The Black Death and the Burning of the Jews

Title

The Black Death and the Burning of the Jews

Description

This woodcut depicts a Christian throwing wood on a fire pit in which Jews are being burned alive in fourteenth-century Bavaria. During the plague, Christians often suspected Jews of poisoning wells and food in order to spread disease, and burning was a common means of punishment for this supposed crime.

Despite the fact that Jews were protected by the Pope and by many heads of state, fear of the unknown and the terror of the plague convinced some Christian leaders to persecute Jews and others considered to be outsiders. These people would be tortured until they confessed to the crime and then they were thrown in pits, like the one depicted, and burned to death. There are even some accounts of Jews being beaten back into the flames if they tried to escape. The entire Jewish population of many cities would be put to death in this manner in the time of the Black Death.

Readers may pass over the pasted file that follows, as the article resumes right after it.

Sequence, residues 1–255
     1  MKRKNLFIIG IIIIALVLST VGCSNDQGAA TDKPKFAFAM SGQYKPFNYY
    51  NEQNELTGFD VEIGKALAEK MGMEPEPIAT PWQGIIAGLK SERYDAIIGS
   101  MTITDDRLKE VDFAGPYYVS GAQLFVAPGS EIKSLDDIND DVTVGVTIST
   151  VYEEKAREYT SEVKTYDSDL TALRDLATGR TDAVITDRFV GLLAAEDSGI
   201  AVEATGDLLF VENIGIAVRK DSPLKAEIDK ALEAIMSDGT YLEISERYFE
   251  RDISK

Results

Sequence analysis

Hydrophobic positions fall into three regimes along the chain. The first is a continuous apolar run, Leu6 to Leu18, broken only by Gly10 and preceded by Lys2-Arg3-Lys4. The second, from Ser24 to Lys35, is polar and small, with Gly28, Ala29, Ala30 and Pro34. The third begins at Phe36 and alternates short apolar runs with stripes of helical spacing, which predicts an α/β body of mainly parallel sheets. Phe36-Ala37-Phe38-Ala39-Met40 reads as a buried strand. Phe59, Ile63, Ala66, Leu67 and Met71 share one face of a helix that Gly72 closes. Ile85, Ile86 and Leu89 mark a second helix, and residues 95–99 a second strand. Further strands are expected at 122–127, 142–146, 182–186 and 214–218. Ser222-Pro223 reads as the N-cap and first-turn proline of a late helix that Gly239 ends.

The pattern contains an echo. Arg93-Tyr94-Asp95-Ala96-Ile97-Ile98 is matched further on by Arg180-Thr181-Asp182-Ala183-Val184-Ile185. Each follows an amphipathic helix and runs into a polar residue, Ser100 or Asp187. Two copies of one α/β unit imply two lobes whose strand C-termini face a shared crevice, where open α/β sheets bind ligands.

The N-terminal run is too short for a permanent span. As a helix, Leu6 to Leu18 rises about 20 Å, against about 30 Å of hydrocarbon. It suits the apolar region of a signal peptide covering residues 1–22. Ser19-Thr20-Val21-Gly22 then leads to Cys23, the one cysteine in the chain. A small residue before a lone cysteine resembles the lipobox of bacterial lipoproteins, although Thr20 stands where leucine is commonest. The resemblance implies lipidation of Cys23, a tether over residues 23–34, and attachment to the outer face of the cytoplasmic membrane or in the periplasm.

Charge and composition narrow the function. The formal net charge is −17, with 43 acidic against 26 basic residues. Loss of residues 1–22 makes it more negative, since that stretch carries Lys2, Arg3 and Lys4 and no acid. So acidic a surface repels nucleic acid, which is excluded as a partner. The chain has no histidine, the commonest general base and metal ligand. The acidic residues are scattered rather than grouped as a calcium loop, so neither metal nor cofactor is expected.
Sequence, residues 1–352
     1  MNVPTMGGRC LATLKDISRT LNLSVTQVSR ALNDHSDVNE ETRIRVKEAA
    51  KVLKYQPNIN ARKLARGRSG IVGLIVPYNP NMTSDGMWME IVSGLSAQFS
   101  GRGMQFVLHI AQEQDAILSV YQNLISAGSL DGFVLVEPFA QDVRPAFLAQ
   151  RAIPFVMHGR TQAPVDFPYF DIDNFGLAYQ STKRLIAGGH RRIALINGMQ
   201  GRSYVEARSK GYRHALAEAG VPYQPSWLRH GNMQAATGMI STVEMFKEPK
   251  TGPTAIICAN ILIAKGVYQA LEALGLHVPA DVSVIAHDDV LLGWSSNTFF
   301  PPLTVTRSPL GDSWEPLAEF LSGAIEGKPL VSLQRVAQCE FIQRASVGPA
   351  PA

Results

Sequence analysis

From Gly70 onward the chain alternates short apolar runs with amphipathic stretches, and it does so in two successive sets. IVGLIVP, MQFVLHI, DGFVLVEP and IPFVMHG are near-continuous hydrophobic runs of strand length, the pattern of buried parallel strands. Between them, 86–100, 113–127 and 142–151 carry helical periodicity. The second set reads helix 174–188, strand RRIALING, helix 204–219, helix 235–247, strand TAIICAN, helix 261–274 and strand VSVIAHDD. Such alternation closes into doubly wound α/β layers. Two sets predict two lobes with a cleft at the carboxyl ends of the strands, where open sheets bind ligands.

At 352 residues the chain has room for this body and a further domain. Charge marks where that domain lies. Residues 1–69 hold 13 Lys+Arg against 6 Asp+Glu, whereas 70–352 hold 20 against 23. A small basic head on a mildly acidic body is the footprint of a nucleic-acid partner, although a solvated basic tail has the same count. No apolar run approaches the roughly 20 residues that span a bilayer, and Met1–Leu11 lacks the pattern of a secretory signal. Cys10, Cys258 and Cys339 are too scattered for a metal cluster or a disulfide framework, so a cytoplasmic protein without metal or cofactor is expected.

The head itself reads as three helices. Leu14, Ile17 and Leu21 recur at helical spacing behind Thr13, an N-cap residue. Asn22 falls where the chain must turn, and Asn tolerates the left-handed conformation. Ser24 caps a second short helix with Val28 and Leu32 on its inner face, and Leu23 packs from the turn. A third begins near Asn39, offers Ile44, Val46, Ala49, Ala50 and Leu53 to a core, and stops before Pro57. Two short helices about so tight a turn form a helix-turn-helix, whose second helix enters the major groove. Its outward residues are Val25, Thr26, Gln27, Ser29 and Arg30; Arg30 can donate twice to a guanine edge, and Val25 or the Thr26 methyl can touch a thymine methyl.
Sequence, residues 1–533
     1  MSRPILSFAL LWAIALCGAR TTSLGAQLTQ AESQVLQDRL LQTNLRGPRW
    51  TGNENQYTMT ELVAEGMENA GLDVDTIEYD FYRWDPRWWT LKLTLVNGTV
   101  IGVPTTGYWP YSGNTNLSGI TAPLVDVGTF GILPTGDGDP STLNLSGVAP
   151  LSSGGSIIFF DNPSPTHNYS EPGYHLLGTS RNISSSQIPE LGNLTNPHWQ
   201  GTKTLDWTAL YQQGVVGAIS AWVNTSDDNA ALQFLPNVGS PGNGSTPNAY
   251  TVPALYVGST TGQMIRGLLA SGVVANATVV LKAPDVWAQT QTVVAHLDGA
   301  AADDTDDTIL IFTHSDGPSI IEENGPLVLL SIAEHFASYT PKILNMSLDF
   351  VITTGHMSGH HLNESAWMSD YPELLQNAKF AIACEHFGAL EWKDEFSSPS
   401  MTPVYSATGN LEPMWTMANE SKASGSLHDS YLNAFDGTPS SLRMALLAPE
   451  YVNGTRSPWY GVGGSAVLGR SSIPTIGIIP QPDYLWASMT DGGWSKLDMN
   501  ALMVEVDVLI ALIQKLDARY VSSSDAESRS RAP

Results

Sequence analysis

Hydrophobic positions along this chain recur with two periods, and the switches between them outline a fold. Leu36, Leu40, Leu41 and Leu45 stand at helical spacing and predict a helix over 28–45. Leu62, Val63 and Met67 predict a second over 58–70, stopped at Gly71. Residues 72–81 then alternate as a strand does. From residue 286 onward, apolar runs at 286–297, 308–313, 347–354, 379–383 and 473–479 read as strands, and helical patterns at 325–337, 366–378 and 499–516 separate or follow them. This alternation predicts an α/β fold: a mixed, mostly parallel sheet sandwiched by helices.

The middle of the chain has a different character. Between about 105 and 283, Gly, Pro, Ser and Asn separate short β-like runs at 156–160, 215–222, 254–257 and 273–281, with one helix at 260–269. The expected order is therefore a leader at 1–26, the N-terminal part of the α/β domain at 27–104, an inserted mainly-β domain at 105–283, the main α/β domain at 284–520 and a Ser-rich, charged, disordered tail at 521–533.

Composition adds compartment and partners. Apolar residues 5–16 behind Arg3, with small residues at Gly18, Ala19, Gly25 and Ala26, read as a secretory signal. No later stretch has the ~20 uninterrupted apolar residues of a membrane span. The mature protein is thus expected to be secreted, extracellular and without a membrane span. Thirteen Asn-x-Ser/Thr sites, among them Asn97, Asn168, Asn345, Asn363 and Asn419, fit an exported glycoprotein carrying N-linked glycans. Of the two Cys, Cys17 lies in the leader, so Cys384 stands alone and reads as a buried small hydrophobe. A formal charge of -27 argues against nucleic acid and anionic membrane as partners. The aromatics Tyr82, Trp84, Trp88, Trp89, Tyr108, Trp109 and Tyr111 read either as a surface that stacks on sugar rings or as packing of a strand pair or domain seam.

Creator

Michel Wolgemut
Wilhelm Pleydenwurff

Source

Nuremburg Chronicle

Date

1493

Contributor

Emily Howard

Format

Woodcut

Type

Still image

Coverage

pre-1450

Files

burnig the jews omeka.jpg

Citation

Michel Wolgemut and Wilhelm Pleydenwurff, “The Black Death and the Burning of the Jews,” Disaster History Archive, accessed November 20, 2019, http://disasterhistoryarchive.cynthiakierner.org/items/show/70.

Output Formats

Geolocation